Jessica Pegula, the World No 3, was the first seed to advance on the opening day’s play at the Australian Open on Monday, cruising past Jaqueline Cristian to meet Aliaskandra Sasnovich, while Maria Sakkari and Danielle Collins also advanced.
I haven't changed about the war and everything that's going on, on tour. Because people who just say they don't want war, it makes us [Ukraine] sound like we want war. Obviously we don't want the war, too. Whoever speaks out clearly, I believe, has every right to be on tour but whoever doesn't ... I don't think it's just humane. Marta Kostyuk
After guiding the United States to United Cup success in Sydney, which included a win over World No 1 Iga Swiatek, Pegula carried her hard-court form to Melbourne Park where she needed less than an hour to dismiss the Romania, 6-0 6-1.
Claiming the very first victory of the tournament, Pegula is the daughter of Buffalo Bills’ billionaire owner Terry Pegula, and a Bills’ fan was spotted waving a team flag in the stands as she took to Margaret Court Arena.
Pegula responded by signing off on her victory by writing on the camera ‘Go Bills’, adding ‘#3’ and a love heart in a touching tribute to Bills player Damar Hamlin, who suffered a terrifying heart attack on-field in recent weeks.
As flawless and collected as she was on court, though, the American admitted that it was a different story when it came to containing those pre-Slam nerves.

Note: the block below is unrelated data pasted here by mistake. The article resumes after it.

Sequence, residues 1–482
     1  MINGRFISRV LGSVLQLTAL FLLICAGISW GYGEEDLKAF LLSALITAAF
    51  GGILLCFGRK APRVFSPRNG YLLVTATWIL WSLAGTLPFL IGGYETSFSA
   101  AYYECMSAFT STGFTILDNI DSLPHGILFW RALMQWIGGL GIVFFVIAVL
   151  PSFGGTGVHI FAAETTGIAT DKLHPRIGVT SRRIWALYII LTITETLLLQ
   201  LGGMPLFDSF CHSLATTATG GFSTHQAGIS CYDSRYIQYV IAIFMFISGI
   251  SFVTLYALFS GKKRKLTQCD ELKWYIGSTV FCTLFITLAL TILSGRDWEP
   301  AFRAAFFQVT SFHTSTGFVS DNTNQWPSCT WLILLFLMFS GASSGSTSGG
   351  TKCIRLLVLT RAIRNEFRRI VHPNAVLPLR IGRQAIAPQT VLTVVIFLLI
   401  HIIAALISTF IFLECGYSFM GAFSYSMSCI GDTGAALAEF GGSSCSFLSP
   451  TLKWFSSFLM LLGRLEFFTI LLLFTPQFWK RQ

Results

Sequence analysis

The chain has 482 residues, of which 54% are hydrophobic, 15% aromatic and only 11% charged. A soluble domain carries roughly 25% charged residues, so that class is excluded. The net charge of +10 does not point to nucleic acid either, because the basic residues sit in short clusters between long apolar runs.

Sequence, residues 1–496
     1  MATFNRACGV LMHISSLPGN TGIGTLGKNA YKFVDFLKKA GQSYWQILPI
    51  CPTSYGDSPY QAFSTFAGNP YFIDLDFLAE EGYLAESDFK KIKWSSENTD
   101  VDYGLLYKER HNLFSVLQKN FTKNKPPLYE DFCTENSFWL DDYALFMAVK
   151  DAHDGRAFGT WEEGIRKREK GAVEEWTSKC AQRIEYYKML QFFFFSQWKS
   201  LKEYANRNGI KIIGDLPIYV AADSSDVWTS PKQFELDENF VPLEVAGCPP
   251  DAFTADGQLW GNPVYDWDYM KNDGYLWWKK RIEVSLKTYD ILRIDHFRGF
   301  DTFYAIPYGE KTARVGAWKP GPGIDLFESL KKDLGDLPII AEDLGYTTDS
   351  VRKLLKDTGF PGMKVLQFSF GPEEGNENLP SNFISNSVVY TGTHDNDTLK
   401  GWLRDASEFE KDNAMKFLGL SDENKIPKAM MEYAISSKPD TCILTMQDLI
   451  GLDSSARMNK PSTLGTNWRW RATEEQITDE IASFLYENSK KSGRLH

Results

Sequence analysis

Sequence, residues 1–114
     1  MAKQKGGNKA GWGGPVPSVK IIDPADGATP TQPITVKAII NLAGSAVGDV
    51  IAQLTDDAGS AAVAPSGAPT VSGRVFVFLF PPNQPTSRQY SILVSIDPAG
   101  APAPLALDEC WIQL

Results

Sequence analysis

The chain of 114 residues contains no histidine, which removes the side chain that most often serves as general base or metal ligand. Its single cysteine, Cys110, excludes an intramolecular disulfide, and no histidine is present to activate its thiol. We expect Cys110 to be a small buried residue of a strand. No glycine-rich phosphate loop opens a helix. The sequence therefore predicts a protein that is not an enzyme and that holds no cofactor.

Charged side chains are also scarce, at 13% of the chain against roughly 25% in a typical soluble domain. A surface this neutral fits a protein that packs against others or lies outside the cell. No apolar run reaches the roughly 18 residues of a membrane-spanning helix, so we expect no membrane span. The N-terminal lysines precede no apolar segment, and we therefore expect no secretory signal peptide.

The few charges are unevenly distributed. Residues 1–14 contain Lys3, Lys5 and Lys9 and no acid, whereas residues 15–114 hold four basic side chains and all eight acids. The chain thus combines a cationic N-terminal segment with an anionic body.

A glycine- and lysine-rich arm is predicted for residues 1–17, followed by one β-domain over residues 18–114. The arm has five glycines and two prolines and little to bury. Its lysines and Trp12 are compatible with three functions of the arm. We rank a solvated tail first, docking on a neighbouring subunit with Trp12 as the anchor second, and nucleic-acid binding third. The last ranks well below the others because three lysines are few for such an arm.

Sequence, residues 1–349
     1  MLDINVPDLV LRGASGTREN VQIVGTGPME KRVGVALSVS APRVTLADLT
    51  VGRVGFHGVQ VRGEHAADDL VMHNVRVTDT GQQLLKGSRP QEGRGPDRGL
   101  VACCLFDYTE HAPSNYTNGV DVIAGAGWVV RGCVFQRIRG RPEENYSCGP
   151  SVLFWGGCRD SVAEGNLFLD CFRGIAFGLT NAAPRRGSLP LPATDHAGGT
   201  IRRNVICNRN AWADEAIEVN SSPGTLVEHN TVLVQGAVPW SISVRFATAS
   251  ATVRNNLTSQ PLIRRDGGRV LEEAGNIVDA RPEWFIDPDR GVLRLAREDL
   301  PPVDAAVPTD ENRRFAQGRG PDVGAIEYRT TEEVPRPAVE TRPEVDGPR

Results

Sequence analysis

“Everything starts to bother me a little bit more,” Pegula said. “The strings start to bother me. Like certain courts I start getting very critical of, all these different things going on.
“Honestly, I’m always like that, I think. I have just gotten good at, ‘OK, match day starts, none of that really matters’. That’s what I’ve gotten better at.
“I would say, like, the week leading up, I definitely get very hard on myself during practice.”
Her next opponent, Sasnovich, was a 7-5 6-2 winner over 15-year old Brenda Fruhvirtova, the Czech qualifier.
Meanwhile, Maria Sakkari, the 6th seed from Greece, basked in the atmosphere of Rod Laver Arena at an event she has dubbed her ‘home Grand Slam’, and her comfort on the court was clear as she charged to a 6-1 6-4 victory over China’s Yuan Yue, booking a meeting with 18-year-old qualifier Diana Shnaider from Russia.
“I feel like I say the same thing every year I come back here,” Sakkari said. “It’s my home tournament because of the large Greek community.
“People here, [in] Australia, no matter what nationality, they are very friendly, very nice to everyone. I could live in this city. There is nothing I dislike about this country.
“The Greeks always help. They’re always there to support us. It’s like home.”
A little bit of early trouble proved no problem for Sakkari, who hit 38 winners to largely roll at Melbourne Park to kick off her 8th Australian Open campaign in 94 minutes, coming from 1-3 down in the second set.
“I feel like this court is slow but I like it,” she said. “It’s the perfect conditions for my game.